"To reach that one-cent-per gallon estimate, however, refineries must pass 100 percent of their (largely fixed) cost increases along to consumers," comments Singer. "But a statistical analysis of prior EPA sulfur regulations suggests that refineries do not adhere to that practice." [Business Wire, 6/14/2012]

Fox Exaggerated The Oil Industry's "Outdated" Cost Estimate. York's claim that the rule will raise gas prices by a "dime" is an exaggeration of a study by the American Petroleum Institute, a trade association for the gas and oil industry that lobbies on their behalf. That study estimated that the rule would raise gas prices by 6 to 9 cents, but EPA administrator Gina McCarthy said the estimate was "outdated" as it didn't take into account flexibility that the EPA later added in. Retrospective analyses have found that industries often exaggerate the cost of regulations affecting them. [Associated Press, 3/3/14; NRDC, 2/2/11]

EPA Rule Has Bipartisan Support

Even Fox's Krauthammer Called The EPA's Proposal A "Good Regulation." On the April 1, 2013 edition of Special Report, Fox News contributor Charles Krauthammer told viewers regulations on sulfur would be "good regulation":

KRAUTHAMMER: I think what is important is to discriminate the good regulation from the bad regulation. This, I think, is a good regulation. [Fox News,Special Report, 4/1/13]

Republican Governor On Sulfur Rule: "Dirty Air Is Not A Partisan Issue." The New York Times reported that Republican politicians such as Gov. Herbert (R-UT)  also support the rule, which will reduce smog:

The Environmental Protection Agency plans to unveil a major new regulation on Monday that forces oil refiners to strip out sulfur, a smog-forming pollutant linked to respiratory disease, from American gasoline blends, according to people familiar with the agency's plans.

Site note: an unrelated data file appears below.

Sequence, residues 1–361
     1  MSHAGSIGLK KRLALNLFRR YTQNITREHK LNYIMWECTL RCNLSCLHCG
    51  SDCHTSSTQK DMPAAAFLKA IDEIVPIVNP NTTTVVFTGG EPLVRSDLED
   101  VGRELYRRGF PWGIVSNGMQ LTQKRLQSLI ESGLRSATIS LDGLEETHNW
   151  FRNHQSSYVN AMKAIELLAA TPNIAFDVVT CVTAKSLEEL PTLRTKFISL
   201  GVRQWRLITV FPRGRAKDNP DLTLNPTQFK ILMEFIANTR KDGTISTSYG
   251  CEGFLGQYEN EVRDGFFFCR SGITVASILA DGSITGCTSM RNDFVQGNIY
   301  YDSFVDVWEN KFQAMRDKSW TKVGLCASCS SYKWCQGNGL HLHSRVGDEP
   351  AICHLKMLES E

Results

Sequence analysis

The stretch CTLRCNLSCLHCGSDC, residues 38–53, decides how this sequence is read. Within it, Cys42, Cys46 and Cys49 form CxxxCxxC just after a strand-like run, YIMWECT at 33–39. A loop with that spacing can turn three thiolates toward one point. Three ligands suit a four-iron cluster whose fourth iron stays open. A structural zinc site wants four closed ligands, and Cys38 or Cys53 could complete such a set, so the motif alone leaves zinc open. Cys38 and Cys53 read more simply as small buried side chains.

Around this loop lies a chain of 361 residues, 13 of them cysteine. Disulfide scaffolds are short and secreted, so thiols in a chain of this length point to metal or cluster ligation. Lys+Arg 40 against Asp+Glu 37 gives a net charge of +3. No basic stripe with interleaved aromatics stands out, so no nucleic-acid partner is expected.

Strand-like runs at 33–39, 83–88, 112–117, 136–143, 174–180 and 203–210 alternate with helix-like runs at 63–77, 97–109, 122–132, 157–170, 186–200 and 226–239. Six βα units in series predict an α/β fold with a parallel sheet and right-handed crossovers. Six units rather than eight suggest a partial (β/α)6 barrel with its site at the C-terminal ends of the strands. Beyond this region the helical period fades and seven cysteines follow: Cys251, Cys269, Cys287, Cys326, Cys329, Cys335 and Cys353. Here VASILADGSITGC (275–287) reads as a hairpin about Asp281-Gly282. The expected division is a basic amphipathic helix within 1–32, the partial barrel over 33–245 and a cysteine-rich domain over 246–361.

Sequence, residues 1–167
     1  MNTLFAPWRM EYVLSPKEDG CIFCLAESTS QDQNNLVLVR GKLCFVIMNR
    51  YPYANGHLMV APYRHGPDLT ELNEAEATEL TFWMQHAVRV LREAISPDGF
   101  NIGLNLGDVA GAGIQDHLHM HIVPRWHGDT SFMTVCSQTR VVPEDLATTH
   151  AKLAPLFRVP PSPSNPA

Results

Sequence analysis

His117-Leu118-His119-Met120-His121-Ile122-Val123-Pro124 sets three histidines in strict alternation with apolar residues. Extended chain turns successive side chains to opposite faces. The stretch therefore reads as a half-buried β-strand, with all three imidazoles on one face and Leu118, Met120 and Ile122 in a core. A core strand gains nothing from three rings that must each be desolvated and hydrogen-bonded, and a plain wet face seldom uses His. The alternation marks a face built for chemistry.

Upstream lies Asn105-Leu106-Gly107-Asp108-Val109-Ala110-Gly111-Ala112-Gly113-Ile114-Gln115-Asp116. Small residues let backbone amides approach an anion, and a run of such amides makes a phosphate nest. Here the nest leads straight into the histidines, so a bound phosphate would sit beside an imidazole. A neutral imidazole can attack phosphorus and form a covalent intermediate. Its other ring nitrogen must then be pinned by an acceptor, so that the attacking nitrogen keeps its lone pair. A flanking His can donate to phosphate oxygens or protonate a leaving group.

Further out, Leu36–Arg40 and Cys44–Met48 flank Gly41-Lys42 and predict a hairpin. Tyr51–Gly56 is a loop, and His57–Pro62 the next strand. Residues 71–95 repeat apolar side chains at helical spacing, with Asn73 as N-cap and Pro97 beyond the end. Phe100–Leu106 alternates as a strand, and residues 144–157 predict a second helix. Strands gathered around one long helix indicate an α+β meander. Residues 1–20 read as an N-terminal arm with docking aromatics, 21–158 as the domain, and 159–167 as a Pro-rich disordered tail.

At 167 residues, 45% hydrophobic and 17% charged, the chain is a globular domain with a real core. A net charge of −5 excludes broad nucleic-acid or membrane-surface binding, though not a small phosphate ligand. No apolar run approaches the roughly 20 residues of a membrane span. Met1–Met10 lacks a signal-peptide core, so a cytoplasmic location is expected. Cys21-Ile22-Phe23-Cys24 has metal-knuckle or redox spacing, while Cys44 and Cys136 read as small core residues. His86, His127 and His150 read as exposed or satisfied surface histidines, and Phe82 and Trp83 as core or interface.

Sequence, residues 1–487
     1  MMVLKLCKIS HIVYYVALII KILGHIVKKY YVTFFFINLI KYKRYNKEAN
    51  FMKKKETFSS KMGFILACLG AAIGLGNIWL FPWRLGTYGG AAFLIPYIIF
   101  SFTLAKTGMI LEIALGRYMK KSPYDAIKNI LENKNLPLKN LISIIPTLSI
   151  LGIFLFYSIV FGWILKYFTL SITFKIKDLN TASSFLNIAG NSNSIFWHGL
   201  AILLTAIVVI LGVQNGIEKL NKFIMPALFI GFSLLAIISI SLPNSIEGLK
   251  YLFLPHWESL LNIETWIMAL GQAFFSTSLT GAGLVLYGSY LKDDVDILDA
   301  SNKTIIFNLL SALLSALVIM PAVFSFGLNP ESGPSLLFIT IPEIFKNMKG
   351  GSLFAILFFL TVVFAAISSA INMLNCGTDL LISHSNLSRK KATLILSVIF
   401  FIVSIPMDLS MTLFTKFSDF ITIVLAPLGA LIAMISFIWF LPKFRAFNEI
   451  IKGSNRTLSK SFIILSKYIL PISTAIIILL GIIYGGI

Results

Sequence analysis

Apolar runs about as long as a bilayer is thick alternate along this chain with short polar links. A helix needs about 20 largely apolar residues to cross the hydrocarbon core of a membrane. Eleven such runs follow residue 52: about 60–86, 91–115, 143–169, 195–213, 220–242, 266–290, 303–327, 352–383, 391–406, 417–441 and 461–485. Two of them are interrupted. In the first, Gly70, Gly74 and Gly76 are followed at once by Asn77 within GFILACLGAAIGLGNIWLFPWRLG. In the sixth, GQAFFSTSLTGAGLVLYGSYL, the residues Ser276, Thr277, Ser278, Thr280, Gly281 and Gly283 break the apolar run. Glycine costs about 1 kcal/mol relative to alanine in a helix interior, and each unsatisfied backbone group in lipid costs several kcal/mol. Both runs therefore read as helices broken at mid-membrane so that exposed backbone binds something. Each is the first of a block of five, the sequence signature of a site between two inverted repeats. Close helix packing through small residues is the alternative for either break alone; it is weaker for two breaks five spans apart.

[...]

During the 2012 presidential campaign, the forthcoming gasoline rule was a hotly contested political target. Republicans criticized it as an example of what they called the Obama administration's regulatory overreach.

But since the presidential election, some Republicans have said they welcome the rule. Gov. Gary R. Herbert of Utah, a conservative Republican, said that because of mountain weather patterns, tailpipe smog is often trapped around Salt Lake City, giving his state many days with "gunky air that rivals L.A."

Mr. Herbert said the new rule would help clean up his state's air. "We've got to find a way to eliminate that with cleaner fuels and cleaner autos," he said in an interview. "Dirty air is not a partisan issue. The fact that we have technology that's available -- cleaner burning fuels, cleaner burning autos -- we ought to embrace that."[The New York Times, 3/3/14]

Posted In
Environment & Science, Energy
Network/Outlet
Fox News Channel
Person
Byron York
Show/Publication
America's Newsroom
We've changed our commenting system to Disqus.
Instructions for signing up and claiming your comment history are located here.
Updated rules for commenting are here.